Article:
I hope you found these reference items helpful. When you know what to look for, and really get the basics of rug cleaning down pat, you can avoid most of the pitfalls that result from the lack of good information (or misinformation) about properly cleaning rugs.

– Lisa

P.S. If you want to learn some of the most common mistakes made by carpet cleaners when cleaning rugs, in the right column of this blog you can opt in for my Rug Disasters Report. I lay out the top 10 most common mistakes I see when handling all of the “help me!” emails that come my way week after week. This is also the way to be on my list for announcements of my upcoming training programs and workshops. (Don’t worry, I HATE SPAM… so you will not hear from me very often, your email will never be rented or shared with anyone else, and it’s super easy to opt-out.)

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  • Cory

    Enjoyed reading the rug cleaning posts. I think alot of times rug cleaners get too confident because they have not had a “problem” in a while and that too is when they make mistakes. They get in a hurry and don’t think through the precautions they need to take to safely and effectively clean the rug. Nothing replaces knowledge and experience but it’s also reminders such as this blog post that helps avoid trouble.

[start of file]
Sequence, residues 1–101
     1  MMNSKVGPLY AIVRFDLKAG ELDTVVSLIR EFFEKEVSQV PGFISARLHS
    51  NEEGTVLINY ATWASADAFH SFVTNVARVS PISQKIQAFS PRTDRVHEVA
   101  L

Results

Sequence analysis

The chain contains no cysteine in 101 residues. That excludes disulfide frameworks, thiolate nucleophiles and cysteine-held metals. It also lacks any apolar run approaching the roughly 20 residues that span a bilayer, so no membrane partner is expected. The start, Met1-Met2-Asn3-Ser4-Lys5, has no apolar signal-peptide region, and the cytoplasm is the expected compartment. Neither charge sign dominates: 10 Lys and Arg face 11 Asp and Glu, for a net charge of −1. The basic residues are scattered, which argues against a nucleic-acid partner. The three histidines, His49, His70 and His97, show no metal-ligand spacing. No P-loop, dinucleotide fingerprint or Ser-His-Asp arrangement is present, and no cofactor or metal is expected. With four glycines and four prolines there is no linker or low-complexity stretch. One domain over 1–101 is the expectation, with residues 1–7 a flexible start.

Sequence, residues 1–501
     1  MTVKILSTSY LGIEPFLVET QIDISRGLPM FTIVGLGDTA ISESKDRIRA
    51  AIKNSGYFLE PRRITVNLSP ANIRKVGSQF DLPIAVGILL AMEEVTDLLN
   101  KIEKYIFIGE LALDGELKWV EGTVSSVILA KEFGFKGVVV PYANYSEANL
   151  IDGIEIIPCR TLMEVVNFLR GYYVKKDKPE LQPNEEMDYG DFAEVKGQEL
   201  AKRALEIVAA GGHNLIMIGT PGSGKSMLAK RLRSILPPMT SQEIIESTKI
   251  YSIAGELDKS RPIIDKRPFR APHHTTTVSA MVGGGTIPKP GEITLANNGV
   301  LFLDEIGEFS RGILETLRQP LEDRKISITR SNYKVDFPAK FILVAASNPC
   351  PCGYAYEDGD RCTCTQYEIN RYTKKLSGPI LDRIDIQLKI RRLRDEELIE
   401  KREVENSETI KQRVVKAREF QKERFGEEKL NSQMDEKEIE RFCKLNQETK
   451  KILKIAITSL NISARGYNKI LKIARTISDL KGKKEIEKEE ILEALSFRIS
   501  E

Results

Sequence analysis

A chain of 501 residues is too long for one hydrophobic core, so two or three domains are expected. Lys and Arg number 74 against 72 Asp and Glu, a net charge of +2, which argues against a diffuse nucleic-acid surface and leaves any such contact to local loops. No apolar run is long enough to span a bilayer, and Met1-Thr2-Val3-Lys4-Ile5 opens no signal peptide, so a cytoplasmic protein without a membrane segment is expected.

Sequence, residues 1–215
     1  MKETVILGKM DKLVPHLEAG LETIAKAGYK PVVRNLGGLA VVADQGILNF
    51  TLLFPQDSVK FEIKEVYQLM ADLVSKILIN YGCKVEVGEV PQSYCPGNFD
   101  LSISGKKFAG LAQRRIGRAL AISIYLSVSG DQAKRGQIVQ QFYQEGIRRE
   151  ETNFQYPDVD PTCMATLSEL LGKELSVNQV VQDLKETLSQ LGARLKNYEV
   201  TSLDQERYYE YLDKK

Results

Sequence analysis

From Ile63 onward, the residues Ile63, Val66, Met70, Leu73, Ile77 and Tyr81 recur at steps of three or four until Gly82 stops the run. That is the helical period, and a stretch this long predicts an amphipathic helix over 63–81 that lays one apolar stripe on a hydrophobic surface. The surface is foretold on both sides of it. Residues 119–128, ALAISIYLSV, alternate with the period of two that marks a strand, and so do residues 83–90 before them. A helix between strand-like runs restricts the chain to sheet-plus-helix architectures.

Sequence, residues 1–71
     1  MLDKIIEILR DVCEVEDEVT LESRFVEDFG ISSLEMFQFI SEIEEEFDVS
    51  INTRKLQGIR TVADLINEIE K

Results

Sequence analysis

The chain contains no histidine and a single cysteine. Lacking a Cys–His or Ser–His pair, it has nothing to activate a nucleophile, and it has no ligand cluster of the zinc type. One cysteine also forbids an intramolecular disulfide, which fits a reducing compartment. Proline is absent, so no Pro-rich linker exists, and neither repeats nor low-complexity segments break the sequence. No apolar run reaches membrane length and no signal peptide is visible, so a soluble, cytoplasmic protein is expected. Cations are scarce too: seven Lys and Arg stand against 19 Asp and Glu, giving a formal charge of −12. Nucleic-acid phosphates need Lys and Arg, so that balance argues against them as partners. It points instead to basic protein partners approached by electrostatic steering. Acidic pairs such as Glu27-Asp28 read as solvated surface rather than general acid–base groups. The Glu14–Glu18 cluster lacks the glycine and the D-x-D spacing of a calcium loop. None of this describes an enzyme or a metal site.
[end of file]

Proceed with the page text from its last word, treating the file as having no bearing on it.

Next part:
↶Reply March 28, 2011 9:18 am
    • admin

      Thanks for posting Cory. I agree with you on that point… in fact in my most common rug disasters, I point out that they happen from novices that need training… and the “pros” that get so over-confident they sometimes forget the basics (like “dye testing”) – LOL! Thanks for pointing that out.

      ↶Reply March 29, 2011 8:01 pm
  • Movers London

    Such a great information about rug dyes.I did not know that .Thanks for the information now i can take much precautions while getting my rugs clean by the professionals.

    ↶Reply November 10, 2011 9:57 pm
  • Charlie Weiss

    Once the dye has bled… is there any way to remove that “free” dye, that just moved (liberated by Woolite) to move it farther (out of the fibers completely)?

    ↶Reply August 1, 2014 1:16 pm
    • Lisa

      In most cases, when the dye has moved and redeposited, and dried, it is tough to undo that damage, especially when it was released by a chemical solution. This is why rug cleaners are trained in stabilizing the dyes before they begin cleaning rugs, to help protect that redepositing problem. If you send me photos of the rug, and let me know where you are located, I can see if I have someone to recommend to you – or any recommendations to try. My email is rugchick(at)gmail.com. Thanks.

      ↶Reply August 19, 2014 5:04 pm
  • Will Phillips

    I myself am guilty for this. As a commissioned sales person, the customer pays top dollar to get their rugs cleaned.. Temptation is high!! There is no proper way to clean natural fiber other than washing.. And ya better know what you are doing! I have learned my lesson the hard way! Dang bleeders

    ↶Reply October 21, 2014 5:11 pm